Also cut from the package was an extension of Biden’s newly-increased child tax credit until 2025, replaced by a mere one-year extension. The version of the child tax credit that did make it through presents something to be grateful for (after all, the bill still makes the tax credit permanently refundable, thus giving America’s poorest families no-strings-attached, guaranteed cash assistance); however, the fact that the increase will phase out so quickly makes it vulnerable to simply not being renewed in the future. Another program that did not make it through is universal free community college, an initiative that would have allowed more students to access a previously-inaccessible college education than the higher education-measures that did make it through, including a modestly increased Pell Grant and some funding towards historically Black colleges and tribal colleges.

And, most importantly, the initiative to allow Medicare to negotiate prescription drug prices was dropped from the Build Back Better Act altogether. This policy would have drastically lowered the cost of prescription drugs, on which Americans currently spend an average of $1,200 per person per year, which is more than residents of any other country. And it is the most popular Democrat policy proposal of the past fifteen years, not to mention a well-supported idea on both sides of the aisle, with the approval of 95 percent of Democrats and 71 percent of Republicans, according to a Kaiser Family Foundation poll from last month.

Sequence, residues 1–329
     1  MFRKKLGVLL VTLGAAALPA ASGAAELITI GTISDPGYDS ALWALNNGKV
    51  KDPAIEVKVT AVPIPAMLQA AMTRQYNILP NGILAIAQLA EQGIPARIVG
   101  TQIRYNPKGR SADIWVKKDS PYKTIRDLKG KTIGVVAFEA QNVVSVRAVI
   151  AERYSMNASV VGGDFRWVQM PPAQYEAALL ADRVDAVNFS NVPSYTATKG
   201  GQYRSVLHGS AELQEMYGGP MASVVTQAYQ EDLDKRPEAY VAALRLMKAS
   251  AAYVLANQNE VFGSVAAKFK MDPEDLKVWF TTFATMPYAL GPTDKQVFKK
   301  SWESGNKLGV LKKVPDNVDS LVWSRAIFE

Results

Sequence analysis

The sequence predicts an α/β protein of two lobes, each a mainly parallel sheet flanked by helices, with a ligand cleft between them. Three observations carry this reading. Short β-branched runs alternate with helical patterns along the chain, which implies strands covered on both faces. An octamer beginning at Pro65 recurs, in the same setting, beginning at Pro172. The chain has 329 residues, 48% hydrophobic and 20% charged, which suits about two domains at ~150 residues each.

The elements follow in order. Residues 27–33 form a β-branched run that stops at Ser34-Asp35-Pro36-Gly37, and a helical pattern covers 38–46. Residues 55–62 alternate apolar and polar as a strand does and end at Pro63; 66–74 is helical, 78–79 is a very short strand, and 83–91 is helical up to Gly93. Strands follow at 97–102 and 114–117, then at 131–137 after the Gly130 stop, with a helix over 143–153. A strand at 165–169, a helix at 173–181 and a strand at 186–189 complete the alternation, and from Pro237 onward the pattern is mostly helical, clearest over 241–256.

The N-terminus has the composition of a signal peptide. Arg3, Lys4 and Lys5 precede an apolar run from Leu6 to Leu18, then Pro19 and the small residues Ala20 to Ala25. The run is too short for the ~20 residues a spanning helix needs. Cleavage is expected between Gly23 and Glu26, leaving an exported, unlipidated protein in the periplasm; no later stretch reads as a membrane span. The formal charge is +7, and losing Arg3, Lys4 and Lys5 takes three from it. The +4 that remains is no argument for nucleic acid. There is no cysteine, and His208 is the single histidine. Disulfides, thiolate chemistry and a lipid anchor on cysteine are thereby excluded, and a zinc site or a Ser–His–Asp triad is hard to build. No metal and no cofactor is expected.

To be fair, the bill does include some programs that will be beneficial to American families, such as free preschool. But all of these programs are due to expire by 2028 or earlier, which means that, like the child tax credit increase, future representatives could choose not to revive them, so their impact will be short-lived. And given the bill’s fixed top-line cost, Democrats could have taken a “less is more” approach in negotiations, offering fewer programs but maintaining their original robustness. Instead, they drastically weakened most of these programs, especially in the areas that middle- and working-class Americans needed most, whilst doing as little as possible to inconvenience large corporations and wealthy elites. In the end, this bill’s impact on Americans’ lives will be minimal; Biden’s promise to “build back better” has really just yielded more of the same.